Temple Shalom offers a wide range of adult-focused educational programs throughout the year to explore the “how,” “what” and “why” of adult Jewish life. Wherever you are on your Jewish- or Jewish-adjacent journey, our goal is to provide the building blocks and more in depth exploration of holidays and customs and the insights, struggles and historic circumstances that gave birth and give power to the rites and rituals of the Jewish people.
Temple Shalom's recurring adult education programs
Adult learning during Sunday Religious School time. Each year, we choose a theme for the year and hold a variety of adult learning programs that are intended both for parents of Religious School students and all adults in the community. The program places an emphasis on bringing a Jewish perspective, spirituality, and ritual to the challenges of modern life.
Email firstname.lastname@example.org for more information.
Come together virtually Monday nights with congregant Jeff Davenport to discuss an important and fascinating topic in Jewish history.
Come learn with the Rabbis of Temple Shalom. Explore Torah, Talmud, and Teachings of Judaism.
Email email@example.com for more information.
Don’t let Hebrew be a barrier to a feeling of full participation. Whether you are a complete novice, want to brush up on rusty Hebrew, or explore more deeply the actual Hebrew words of Torah, Temple Shalom regularly offers Adult Hebrew classes. If you are interested in joining an ongoing or upcoming Adult Hebrew class, please email firstname.lastname@example.org.
It’s never too late to be a Teacher of Torah, Leader of Prayer at Temple Shalom. Every few years a new Adult B’Nai Mitzvah begins two years of study with the Temple’s rabbis in preparation for being called to read Torah. For Jews-by-choice, for women raised in a tradition which did not treat girls equally, for those who were raised without formal Jewish education, or for any of a number of other reasons, many adults choose to go through a cycle of learning and study, preparation and personal growth that leads to this powerful and deeply moving celebration of Jewish accomplishment. Jewish tradition also says that we begin “counting” our lives again once we turn 70. So it is common for the 83-year olds among us to study again, with the perspective of a full adult life, to be called to become Bar/Bat Mitzvah all over again.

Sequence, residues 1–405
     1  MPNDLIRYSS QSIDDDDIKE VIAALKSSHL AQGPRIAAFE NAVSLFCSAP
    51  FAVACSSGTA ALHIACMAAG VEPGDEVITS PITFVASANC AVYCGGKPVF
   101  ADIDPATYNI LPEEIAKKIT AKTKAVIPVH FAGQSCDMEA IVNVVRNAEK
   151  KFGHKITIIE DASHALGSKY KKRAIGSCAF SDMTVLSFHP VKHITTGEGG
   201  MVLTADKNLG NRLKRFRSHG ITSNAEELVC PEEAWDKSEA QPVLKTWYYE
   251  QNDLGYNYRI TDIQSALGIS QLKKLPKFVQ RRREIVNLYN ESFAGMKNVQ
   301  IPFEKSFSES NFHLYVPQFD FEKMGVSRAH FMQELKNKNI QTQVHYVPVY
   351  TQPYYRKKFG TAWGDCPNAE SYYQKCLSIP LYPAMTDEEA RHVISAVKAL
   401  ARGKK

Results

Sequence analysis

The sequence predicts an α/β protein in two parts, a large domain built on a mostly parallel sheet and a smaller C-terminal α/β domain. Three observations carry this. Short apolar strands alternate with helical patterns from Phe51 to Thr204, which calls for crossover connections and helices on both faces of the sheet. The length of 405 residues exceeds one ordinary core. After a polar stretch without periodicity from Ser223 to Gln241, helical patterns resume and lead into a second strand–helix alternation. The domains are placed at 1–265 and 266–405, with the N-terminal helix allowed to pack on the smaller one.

Please speak to one of our rabbis if you are interested in beginning this journey. It’s never too late!
Temple Shalom teams with other local Reform congregations on a rotating basis to host the URJ’s regional Introduction to Judaism course. Introduction to Judaism is for anyone who wants to gain a deeper understanding of Jewish life through a Reform lens. Open to all, this course is designed for individuals and couples from Jewish and various faith traditions and cultural backgrounds and those who have had no religious upbringing. This course is perfect for interfaith couples, those raising Jewish children, spiritual seekers, individuals considering conversion, and Jews who want a meaningful adult Jewish learning experience.
Together we explore Jewish holidays and life-cycle ceremonies, Jewish beliefs and values, prayer and Jewish texts, the Holocaust, modern Israel, the American Jewish experience, and the tapestry of Jewish people today.
For more information on how to sign up for an upcoming course hosted by Temple Shalom or another congregation, please visit Temple Shalom’s Introduction to Judaism.
Sukkat Shalom is a unique program that was started by a small, core group of Temple Shalom members to hold facilitated discussions about Israel. We have held facilitated discussions during Kehillat Shalom events, study sessions after Yom Kippur services, and small group conversations in members’ homes.
Sukkat Shalom came about as an opportunity to provide a safe place for all types of conversations about Israel. With the help of trained moderators, Sukkat Shalom conversations aim to bring an understanding of different viewpoints – the goal is to discuss topics openly without a need to come to a consensus. We recognize support for Israel may be complicated, emotional, and takes many different forms, and we understand that many struggle with what supporting Israel means.
Be on the lookout for periodic Sukkat Shalom discussion opportunities.